The reasons for the Cloud are all over the business: in marketing & sales, operations, human resources. While 94 percent recognized the need to embrace cloud-based applications and infrastructure to deliver digital transformation, more than two-thirds (68 percent) admitted that a lack of cloud investment was holding back their company’s vital digital initiatives. The CIO’s no longer control investment and operations like they once did; so their role really becomes the “preacher” of the Cloud who reaches all across the organization.
Read more: http://ec-bp.com/index.php/advisors/ec-bps-bloggers/10795-big-data-applications-cloud-a-heavenly-match#ixzz3JUwXhOGO
Below is a guest editorial from our friend Mike Martz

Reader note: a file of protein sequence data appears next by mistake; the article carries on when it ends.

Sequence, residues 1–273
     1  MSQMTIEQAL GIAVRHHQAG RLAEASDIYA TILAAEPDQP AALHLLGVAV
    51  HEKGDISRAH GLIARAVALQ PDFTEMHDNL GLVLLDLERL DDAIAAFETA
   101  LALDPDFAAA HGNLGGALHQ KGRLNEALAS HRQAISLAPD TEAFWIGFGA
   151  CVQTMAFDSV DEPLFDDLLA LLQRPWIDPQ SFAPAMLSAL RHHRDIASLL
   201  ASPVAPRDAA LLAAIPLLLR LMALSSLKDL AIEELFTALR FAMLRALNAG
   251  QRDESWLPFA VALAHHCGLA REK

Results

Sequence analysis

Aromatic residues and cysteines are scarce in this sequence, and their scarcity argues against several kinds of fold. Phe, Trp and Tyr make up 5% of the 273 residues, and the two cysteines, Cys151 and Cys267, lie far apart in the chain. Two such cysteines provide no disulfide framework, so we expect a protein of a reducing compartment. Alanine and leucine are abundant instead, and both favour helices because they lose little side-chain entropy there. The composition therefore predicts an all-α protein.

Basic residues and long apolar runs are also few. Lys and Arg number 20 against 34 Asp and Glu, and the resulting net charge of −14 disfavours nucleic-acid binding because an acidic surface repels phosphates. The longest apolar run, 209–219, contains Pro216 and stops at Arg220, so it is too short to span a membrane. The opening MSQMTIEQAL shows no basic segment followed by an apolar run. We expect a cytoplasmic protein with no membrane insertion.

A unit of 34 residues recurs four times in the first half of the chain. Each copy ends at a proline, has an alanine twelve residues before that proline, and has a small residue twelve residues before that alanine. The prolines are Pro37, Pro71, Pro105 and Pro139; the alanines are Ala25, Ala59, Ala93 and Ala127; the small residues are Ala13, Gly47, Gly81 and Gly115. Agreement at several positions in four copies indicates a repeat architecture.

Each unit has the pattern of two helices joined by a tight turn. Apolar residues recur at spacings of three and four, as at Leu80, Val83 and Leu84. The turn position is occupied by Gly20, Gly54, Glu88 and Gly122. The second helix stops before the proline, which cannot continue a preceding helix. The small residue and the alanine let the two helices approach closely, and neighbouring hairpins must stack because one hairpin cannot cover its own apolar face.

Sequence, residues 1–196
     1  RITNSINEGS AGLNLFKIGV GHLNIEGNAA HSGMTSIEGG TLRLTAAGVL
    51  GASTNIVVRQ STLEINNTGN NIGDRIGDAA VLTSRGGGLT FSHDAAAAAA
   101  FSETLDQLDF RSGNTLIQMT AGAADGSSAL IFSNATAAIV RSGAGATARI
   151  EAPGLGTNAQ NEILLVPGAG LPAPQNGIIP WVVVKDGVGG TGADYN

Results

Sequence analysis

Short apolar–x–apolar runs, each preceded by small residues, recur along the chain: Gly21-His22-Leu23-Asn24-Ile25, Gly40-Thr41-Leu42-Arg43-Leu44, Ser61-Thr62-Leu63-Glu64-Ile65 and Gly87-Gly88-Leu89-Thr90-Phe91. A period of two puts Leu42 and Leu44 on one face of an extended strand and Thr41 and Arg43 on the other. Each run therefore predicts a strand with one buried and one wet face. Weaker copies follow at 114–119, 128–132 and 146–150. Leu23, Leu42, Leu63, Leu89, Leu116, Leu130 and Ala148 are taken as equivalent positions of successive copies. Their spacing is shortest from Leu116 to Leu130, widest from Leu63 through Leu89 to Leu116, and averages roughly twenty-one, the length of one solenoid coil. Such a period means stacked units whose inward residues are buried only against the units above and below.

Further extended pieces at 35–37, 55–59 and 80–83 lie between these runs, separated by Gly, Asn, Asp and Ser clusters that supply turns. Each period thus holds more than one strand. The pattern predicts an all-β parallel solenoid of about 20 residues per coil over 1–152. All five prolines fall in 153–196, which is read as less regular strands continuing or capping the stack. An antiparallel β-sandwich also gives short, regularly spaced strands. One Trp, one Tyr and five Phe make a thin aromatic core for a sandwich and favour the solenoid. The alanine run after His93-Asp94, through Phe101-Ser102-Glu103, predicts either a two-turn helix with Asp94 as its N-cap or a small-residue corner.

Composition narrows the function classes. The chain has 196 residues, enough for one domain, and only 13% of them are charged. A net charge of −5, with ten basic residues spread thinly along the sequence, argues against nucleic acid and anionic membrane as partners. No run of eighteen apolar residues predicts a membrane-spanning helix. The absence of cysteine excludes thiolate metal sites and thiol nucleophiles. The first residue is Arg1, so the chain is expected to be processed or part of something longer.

As a supply chain professional, you’re probably scratching your head about the whole Big Data thing, that is unless you’re an early adopter and have already reaped its benefits or suffered through start-up issues. I bet you’re questioning how and when you should stick your toe into the water.
In a previous article (read it HERE), I referenced ideas GXS’s Mark Morley expressed about leveraging Big Data for visibility, auto-replenishment, and preventive maintenance, but those are high level objectives that could require lots of planning and investment. What you should be asking at this point is whether Big Data is even needed to reach your goals.
With its massive datasets and the need to utilize special tools for analytic purposes, Big Data may well be overkill for much or all of your needs. But one real outcome of all the Big Data hype is the increasing expectation that solid information is the foundation of the best business decisions. The fact that Big Data is being so heavily discussed is in itself focusing attention on what’s required to turn data into usable information. You should think about your business needs and how to identify and obtain the data that can provide them.
Read more about what Mike has to say on Big Data: